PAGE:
Canada February factory sales surge, new orders fall
OTTAWA (Reuters) - Canadian factory sales surged in February at the fastest pace in 20 months, an encouraging sign for the economy after a downturn in January, although the number of new orders fell in the month, Statistics Canada said on Tuesday.
The stronger-than-expected data gave a slight boost to the Canadian currency, which pushed below C$1.0210 immediately after the data was released. <CAD/>
Manufacturing sales jumped 2.6 percent due to strength in auto assembly, food processing, petroleum and coal and miscellaneous sectors, the agency said, noting that higher prices explained much of the gain in the energy industry.
Economists said the strong print in manufacturing volumes bodes well for gross domestic product in the quarter, a rare break after a string of weak data that will likely force the Bank of Canada to scale back its growth forecasts in its quarterly Monetary Policy Report on Wednesday.
The performance beat market expectations of a 0.9 percent increase and was the biggest since July 2011. Still, the sales total of C$49.6 billion ($48.6 billion) was below the pre-recession peak of C$53 billion.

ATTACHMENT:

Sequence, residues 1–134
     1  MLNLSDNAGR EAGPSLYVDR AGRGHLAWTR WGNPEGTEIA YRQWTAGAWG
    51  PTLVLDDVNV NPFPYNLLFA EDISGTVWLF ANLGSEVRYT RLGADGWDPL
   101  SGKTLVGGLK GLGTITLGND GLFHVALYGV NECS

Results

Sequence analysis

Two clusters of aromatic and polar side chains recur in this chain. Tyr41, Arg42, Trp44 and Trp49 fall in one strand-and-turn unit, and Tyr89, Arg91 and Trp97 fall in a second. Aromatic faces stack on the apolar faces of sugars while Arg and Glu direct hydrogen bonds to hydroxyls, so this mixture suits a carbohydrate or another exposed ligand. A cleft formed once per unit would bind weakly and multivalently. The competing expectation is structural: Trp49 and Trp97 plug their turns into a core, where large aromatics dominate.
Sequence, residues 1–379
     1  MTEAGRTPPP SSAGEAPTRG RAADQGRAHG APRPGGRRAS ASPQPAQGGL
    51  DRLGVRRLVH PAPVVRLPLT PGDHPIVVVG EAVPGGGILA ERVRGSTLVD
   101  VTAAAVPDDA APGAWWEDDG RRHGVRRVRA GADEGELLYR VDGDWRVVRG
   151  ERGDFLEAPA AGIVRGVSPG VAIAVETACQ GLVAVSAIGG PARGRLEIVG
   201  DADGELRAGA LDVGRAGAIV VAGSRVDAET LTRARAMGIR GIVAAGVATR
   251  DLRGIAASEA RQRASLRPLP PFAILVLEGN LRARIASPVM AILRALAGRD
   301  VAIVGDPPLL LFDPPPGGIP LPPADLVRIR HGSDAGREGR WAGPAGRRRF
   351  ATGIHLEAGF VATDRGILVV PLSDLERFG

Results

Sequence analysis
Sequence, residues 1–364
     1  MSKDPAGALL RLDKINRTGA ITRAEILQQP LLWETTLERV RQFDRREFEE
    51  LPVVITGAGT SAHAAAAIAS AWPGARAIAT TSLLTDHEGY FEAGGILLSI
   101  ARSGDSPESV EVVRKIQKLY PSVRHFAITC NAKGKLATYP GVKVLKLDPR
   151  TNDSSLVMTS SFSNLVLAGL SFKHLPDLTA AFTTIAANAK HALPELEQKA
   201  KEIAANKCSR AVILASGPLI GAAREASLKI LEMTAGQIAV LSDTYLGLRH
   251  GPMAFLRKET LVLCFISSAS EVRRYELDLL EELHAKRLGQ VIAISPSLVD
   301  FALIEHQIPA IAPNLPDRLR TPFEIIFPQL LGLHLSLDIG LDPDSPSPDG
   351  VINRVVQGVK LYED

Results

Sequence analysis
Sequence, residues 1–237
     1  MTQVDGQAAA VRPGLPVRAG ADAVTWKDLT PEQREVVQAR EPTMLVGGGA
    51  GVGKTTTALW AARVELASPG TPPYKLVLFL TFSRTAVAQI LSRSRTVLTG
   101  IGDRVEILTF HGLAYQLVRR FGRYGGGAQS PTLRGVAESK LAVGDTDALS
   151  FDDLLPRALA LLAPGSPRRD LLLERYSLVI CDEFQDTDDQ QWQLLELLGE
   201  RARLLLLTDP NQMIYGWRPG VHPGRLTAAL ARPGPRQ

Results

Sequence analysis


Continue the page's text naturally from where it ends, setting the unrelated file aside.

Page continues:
"Notwithstanding this morning's big gain, the volume of manufacturing shipments is still tracking 2.6 percent lower" in the first quarter compared to the last three months of 2012, Scotiabank economist Derek Holt wrote in a note to clients.
"The bottom line? We're getting very volatile shipments figures...and the trend is likely to remain defensive on this reading later into spring," he said.
Overall, sales grew across 14 of 21 industries and excluding the auto sector they climbed 1.8 percent. In volume terms, sales were up a healthy 2.5 percent in February.
But new orders for factory goods slid 4 percent due to a decline in demand from the volatile aerospace industry while unfilled orders rose 0.4 percent. Continued...